‘Pro-Parent’ Nick Loeb Defends Embryonic Custody Dispute With Sofia Vergara In New York Times Op-Ed

Dana Shemesh

In a revealing New York Times Op Ed piece published Wednesday, businessman Nick Loeb expressed his motivations behind a complaint he filed involving ex fiancé Sofia Vergara over the fate of the former couple's frozen embryos.

Loeb and Vergara broke off their engagement last year. While they were together, the couple attempted in vitro fertilization and a surrogate to have children, signing a form stating that any embryos created through the process could only be brought to term with both parties' consent, writes Loeb.

In the complaint, filed in a Santa Monica Court, Loeb requests to void a California law that limits him from bringing to term two frozen embryos produced with Vergara, without the actress' consent.

Loeb contests that he is entitled to "bring his embryos to term" against the wishes of his famous ex Vergara.

When the couple became engaged in 2012, Loeb had pushed for children, as he explains in the Op-Ed.

"My fiancee insisted we used a surrogate. With her eggs and my sperm we created two female embryos. I was so excited once the lives were created that I began to suggest names we could call our girls. The first embryo we implanted didn't take. The second time, the surrogate miscarried, and I felt crushed."

A year after the miscarriage, Vergara and Loeb succeeded in creating two more female embryos, says Loeb, but the then-couple never followed through with implantation. Loeb claims his desire for children was much stronger than Vergara's, and his ultimatum to create a family led to their break-up.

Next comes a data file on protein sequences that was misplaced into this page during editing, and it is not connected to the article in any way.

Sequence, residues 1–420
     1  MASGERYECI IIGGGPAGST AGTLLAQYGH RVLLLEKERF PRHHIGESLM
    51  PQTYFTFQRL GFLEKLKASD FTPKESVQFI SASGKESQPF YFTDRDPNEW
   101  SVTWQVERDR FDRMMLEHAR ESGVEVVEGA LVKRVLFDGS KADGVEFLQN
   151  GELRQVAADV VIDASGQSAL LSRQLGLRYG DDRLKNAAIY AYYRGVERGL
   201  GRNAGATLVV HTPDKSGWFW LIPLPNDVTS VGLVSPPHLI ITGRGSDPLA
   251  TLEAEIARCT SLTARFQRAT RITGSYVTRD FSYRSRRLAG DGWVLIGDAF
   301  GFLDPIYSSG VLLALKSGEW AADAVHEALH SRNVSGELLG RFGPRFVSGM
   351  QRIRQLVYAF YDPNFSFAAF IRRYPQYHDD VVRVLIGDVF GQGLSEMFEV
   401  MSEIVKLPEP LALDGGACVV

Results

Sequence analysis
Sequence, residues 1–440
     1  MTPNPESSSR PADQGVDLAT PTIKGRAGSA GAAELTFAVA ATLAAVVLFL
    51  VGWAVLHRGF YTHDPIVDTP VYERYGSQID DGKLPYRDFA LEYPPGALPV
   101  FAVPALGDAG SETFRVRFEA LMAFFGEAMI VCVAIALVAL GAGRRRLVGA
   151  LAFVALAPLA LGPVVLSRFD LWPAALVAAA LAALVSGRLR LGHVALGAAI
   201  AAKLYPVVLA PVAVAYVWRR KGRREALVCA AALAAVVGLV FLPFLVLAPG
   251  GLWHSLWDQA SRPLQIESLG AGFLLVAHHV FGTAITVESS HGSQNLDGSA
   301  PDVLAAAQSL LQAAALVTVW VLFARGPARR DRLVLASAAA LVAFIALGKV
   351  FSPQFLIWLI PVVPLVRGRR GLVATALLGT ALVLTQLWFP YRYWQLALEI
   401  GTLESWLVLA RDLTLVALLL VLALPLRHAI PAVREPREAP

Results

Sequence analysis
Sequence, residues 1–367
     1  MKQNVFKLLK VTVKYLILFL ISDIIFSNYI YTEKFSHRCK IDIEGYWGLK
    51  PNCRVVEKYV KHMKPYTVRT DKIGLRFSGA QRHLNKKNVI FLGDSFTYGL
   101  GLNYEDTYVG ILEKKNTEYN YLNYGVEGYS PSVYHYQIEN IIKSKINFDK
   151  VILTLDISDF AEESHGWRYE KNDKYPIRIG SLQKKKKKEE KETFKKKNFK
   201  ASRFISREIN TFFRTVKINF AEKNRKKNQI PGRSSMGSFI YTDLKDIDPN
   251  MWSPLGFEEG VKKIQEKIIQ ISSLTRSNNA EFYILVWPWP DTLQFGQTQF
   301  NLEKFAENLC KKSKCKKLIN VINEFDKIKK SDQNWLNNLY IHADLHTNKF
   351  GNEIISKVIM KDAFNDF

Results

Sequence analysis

"But as we begain to discuss other potential surrogates, it became clear once more that parenthood was much less urgent for her than it was for me."

In the op-ed, Loeb explains that his unstable upbringing made him yearn for normalcy and parenthood, yearning for "the type of family based on the images one might ssee in a Norman Rockwell painting."

Loeb is an heir to one of New York's wealthiest families. His parents divorced when he was a small child. Loeb's father -- a former U.S. Ambassador to Denmark -- traveled extensively and he was effectively raised by a nanny. His mother, with whom he had little contact, died when he was 20 years old. In the piece, Loeb does not elaborate on his mothers' tragic death -- an alleged suicide after she shot and killed her second husband, newspaper publisher Jeffrey L. Bauer.

Loeb, 39 years old, has a varied repetoire of businesses and posts, including film and documentary production, dabbling with politics, and most recently starting a condiment venture.

Loeb, who claims he "has always dreamed of being a parent" cites a previous relationship with a girlfriend that resulted in a pregnancy and abortion, in which "the decision was entirely out of my hands," as well as previous attempts to produce children with his ex-wife which proved fruitless for the couple.

Regardless of Loeb and Vergara's notoriety, the op-ed raises questions about embryonic custody disputes and paternal rights.

"When we create embryos for the purpose of life, should we not define them as life, rather than as property? " Loeb muses.

Do you think Loeb should be granted permission to bring the frozen embryos to life, regardless of the wishes of his ex, Sofia Vergara?

(Photo by Andrew H. Walker/Getty Images for Yahoo News)